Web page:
by Justin Cline on May 30th, 2014

Justin C. here…


There’s a popular brand of snack food on the market called Munchies. It contains pretzels, cheese curls, and two different kinds of chips. I like to believe that all four of these individual items are produced in the same giant factory, and at the end of the workday, whatever’s left on the floor gets swept up and bagged and voilà. A brand new product is born.

Rigor Mortis, a Hong Kong horror film hitting theaters on June 6th, is the cinematic equivalent of Munchies. Make no mistake; though it may contain things that you like, it’s largely made up of leftovers.

Set entirely in a public housing building, Rigor focuses on the relationships between a new tenant—an out-of-work actor—and a handful of long-term oddball residents. As one would expect from an ensemble piece, every character has a secret, but rather than task our protagonist with discovering those secrets, the script puts a noose around his neck within minutes of moving in. Though he’s ultimately unsuccessful in committing suicide, it makes little difference. For all intents and purposes, he’s a cipher from that moment on, his only real purpose to set the “plot” in motion.


Now, I’ve placed the word plot in quotes for a reason, as the storyline here is needlessly overcomplicated. Ghosts, zombies, black magic. You name it, you got it. Hell, one character’s a retired vampire hunter, though his former nemeses never do make an appearance. We have to save something for the sequel. Yes, all of these disparate elements do serve a purpose, and had the writing been handled with a defter hand we might have gotten a kooky kind of Rube Goldberg machine, but instead we’re left with large stretches of time where characters ruminate while the special effects crew plans out the next shot.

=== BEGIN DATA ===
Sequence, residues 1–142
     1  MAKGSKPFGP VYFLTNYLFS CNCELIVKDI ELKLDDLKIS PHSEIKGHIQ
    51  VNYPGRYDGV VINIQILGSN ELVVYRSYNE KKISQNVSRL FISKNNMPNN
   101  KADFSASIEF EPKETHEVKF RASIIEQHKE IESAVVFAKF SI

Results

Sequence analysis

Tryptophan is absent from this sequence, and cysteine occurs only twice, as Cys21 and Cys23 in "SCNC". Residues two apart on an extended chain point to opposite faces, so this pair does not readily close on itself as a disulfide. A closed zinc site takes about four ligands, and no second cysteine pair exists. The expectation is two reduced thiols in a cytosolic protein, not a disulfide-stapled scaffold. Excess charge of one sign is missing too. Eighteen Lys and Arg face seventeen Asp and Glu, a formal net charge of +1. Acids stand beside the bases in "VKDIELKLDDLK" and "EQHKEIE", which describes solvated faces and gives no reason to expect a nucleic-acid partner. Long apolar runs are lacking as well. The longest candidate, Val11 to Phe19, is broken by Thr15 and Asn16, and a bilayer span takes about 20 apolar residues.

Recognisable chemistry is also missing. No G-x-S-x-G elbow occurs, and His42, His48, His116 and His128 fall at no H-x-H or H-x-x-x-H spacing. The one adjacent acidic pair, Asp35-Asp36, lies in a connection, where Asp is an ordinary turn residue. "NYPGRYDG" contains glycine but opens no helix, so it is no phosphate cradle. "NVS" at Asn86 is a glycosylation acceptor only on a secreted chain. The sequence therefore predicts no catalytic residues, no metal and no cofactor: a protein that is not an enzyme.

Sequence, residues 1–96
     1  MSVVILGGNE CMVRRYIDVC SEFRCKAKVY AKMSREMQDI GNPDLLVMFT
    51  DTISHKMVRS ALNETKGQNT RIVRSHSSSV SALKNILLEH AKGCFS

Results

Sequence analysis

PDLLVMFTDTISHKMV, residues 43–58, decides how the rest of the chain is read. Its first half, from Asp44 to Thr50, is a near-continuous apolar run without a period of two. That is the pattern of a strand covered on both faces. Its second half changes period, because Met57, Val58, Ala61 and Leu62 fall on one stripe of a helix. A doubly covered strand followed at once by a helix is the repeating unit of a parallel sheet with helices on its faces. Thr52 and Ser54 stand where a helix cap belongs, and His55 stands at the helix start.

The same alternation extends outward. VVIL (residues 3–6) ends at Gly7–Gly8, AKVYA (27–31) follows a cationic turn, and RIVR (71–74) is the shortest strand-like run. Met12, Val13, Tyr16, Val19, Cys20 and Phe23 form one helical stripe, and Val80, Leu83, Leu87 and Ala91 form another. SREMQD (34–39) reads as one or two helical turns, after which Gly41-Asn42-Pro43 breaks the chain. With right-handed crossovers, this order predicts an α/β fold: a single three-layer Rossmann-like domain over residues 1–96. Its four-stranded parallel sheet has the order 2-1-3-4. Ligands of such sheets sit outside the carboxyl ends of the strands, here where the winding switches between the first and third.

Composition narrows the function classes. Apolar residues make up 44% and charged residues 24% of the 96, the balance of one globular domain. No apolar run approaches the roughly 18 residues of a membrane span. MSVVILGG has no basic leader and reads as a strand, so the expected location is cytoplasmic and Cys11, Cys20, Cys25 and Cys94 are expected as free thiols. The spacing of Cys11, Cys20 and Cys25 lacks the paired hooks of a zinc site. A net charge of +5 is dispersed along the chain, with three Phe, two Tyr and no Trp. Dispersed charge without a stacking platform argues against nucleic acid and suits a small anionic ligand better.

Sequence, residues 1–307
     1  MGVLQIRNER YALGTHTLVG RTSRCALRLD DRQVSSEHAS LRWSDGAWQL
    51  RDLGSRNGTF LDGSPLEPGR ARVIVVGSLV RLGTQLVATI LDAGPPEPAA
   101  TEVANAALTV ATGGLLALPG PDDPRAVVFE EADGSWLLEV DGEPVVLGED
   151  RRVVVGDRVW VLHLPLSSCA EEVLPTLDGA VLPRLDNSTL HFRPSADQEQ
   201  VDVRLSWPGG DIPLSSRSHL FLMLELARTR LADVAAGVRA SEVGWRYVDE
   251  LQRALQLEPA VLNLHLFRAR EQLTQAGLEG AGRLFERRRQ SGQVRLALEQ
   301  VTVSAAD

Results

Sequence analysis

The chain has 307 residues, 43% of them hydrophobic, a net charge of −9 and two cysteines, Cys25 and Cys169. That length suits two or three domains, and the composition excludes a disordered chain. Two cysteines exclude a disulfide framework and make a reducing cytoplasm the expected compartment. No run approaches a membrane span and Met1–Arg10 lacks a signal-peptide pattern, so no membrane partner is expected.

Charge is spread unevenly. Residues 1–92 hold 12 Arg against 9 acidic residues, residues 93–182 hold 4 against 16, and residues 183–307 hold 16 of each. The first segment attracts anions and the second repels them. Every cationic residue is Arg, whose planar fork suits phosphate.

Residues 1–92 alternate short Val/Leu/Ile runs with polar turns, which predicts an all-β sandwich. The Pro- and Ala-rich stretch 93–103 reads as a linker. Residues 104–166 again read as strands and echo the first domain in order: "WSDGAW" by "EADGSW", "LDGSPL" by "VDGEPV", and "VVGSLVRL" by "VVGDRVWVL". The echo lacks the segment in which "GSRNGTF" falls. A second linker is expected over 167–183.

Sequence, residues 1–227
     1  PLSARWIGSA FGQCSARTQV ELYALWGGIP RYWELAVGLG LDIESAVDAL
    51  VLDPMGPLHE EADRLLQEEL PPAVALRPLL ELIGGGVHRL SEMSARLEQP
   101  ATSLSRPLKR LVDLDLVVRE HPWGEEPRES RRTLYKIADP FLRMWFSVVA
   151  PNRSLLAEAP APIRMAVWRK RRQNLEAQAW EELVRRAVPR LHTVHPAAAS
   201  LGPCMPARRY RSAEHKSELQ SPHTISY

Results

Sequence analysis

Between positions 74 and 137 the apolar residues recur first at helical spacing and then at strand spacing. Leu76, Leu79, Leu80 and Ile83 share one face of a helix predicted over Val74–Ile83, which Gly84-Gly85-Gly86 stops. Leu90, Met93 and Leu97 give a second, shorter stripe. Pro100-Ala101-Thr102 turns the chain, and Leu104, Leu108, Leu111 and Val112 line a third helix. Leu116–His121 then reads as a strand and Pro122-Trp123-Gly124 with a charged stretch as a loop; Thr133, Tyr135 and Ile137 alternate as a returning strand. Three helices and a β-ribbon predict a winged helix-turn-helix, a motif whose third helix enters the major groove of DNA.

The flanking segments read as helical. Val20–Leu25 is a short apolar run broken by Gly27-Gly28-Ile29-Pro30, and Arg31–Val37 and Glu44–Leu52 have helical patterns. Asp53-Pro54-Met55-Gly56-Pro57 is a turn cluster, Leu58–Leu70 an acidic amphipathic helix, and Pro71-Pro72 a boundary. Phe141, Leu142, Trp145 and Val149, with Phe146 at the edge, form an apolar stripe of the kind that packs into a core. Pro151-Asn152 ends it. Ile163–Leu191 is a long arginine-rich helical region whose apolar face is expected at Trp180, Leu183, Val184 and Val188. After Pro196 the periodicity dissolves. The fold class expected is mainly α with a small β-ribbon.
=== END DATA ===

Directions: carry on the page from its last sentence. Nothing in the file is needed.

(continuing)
If only those same effects could save the movie from itself. While many of the standard tropes of Asian horror cinema are brought to bear here, such as feral children, women with overly active hairstyles, and an abundance of mystery moisture, there are new additions to the genre in the form of smoky black tendrils surrounding twin ghosts, floors miraculously turning into mud, and an old zombie man who hovers inches above the ground, the majority of which can be seen in the movie’s trailer.

Along with most of the rest of the good parts.

Even the film’s twist of an ending tries to outdo the terrible last-minute reveal of High Tension in an effort to render the previous ninety minutes a moot point.

All in all, there’s nothing significantly original about Rigor Mortis that I can recommend.  As its title would imply, this movie’s a stiff.

2 out of 5 STARS

– Justin Cline

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[to Frank] Alcatraz is not like any other prison in the United States. Here, every inmate is confined alone to an individual cell. Unlike my predecessors, wardens Johnson and Blackwell, I don't have good conduct programs. I do not have inmate councils. Inmates have no say in what they do. They do as they're told. You are not permitted to have newspapers or magazines carrying news. Knowledge of the outside world is what we tell you. From this day on, your world will be everything that happens in this building. You will shave once a day. You will shower twice a week. You will cut your hair once a month. Now, your privileges. You can talk. You can work. Other institutions hand out work, but here it's a privilege that you have to earn. I promise you it's a privilege that you'll want. Visitors - you're are allowed two a month. They cannot be former inmates of this or any other federal prison. All names that you submit will be carefully checked by the FBI.
Escape from Alcatraz (1979) The Movie Quotes

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